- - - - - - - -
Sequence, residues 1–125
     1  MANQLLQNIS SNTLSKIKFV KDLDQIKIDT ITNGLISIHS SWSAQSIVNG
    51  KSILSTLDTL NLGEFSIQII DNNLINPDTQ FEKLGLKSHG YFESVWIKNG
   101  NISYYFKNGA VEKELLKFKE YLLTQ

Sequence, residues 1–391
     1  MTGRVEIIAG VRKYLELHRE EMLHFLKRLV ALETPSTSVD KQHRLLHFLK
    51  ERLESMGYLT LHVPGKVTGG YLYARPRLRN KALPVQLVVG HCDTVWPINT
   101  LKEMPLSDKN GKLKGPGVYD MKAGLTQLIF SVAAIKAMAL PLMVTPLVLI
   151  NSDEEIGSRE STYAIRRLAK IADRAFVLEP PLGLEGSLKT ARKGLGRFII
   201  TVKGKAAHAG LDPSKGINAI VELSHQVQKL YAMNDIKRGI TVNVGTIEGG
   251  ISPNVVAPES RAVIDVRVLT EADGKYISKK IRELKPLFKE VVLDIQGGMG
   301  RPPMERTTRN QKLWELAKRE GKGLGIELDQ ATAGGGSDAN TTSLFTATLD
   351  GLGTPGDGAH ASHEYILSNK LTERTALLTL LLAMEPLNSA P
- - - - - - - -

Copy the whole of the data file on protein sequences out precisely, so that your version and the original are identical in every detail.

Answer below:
Sequence, residues 1–125
     1  MANQLLQNIS SNTLSKIKFV KDLDQIKIDT ITNGLISIHS SWSAQSIVNG
    51  KSILSTLDTL NLGEFSIQII DNNLINPDTQ FEKLGLKSHG YFESVWIKNG
   101  NISYYFKNGA VEKELLKFKE YLLTQ

Sequence, residues 1–391
     1  MTGRVEIIAG VRKYLELHRE EMLHFLKRLV ALETPSTSVD KQHRLLHFLK
    51  ERLESMGYLT LHVPGKVTGG YLYARPRLRN KALPVQLVVG HCDTVWPINT
   101  LKEMPLSDKN GKLKGPGVYD MKAGLTQLIF SVAAIKAMAL PLMVTPLVLI
   151  NSDEEIGSRE STYAIRRLAK IADRAFVLEP PLGLEGSLKT ARKGLGRFII
   201  TVKGKAAHAG LDPSKGINAI VELSHQVQKL YAMNDIKRGI TVNVGTIEGG
   251  ISPNVVAPES RAVIDVRVLT EADGKYISKK IRELKPLFKE VVLDIQGGMG
   301  RPPMERTTRN QKLWELAKRE GKGLGIELDQ ATAGGGSDAN TTSLFTATLD
   351  GLGTPGDGAH ASHEYILSNK LTERTALLTL LLAMEPLNSA P